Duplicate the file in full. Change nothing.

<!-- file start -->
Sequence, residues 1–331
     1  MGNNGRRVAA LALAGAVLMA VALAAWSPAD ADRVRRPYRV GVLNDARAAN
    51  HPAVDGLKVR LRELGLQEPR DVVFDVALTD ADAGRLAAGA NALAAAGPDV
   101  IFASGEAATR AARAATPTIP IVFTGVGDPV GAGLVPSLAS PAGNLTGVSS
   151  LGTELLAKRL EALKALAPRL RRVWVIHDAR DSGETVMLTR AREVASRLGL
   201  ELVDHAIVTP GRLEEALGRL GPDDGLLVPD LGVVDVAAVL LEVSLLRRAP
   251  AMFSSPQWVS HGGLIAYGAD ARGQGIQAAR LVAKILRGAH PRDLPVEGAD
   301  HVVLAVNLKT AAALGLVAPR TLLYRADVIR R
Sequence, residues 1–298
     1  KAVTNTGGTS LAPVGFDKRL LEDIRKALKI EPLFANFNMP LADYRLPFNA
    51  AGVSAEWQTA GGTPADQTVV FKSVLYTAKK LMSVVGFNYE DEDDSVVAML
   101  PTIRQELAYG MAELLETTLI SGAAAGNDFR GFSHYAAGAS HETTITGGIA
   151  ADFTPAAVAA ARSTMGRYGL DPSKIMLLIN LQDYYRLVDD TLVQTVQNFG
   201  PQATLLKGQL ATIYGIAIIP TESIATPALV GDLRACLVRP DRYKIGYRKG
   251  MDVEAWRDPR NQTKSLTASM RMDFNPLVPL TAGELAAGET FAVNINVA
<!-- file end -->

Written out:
Sequence, residues 1–331
     1  MGNNGRRVAA LALAGAVLMA VALAAWSPAD ADRVRRPYRV GVLNDARAAN
    51  HPAVDGLKVR LRELGLQEPR DVVFDVALTD ADAGRLAAGA NALAAAGPDV
   101  IFASGEAATR AARAATPTIP IVFTGVGDPV GAGLVPSLAS PAGNLTGVSS
   151  LGTELLAKRL EALKALAPRL RRVWVIHDAR DSGETVMLTR AREVASRLGL
   201  ELVDHAIVTP GRLEEALGRL GPDDGLLVPD LGVVDVAAVL LEVSLLRRAP
   251  AMFSSPQWVS HGGLIAYGAD ARGQGIQAAR LVAKILRGAH PRDLPVEGAD
   301  HVVLAVNLKT AAALGLVAPR TLLYRADVIR R
Sequence, residues 1–298
     1  KAVTNTGGTS LAPVGFDKRL LEDIRKALKI EPLFANFNMP LADYRLPFNA
    51  AGVSAEWQTA GGTPADQTVV FKSVLYTAKK LMSVVGFNYE DEDDSVVAML
   101  PTIRQELAYG MAELLETTLI SGAAAGNDFR GFSHYAAGAS HETTITGGIA
   151  ADFTPAAVAA ARSTMGRYGL DPSKIMLLIN LQDYYRLVDD TLVQTVQNFG
   201  PQATLLKGQL ATIYGIAIIP TESIATPALV GDLRACLVRP DRYKIGYRKG
   251  MDVEAWRDPR NQTKSLTASM RMDFNPLVPL TAGELAAGET FAVNINVA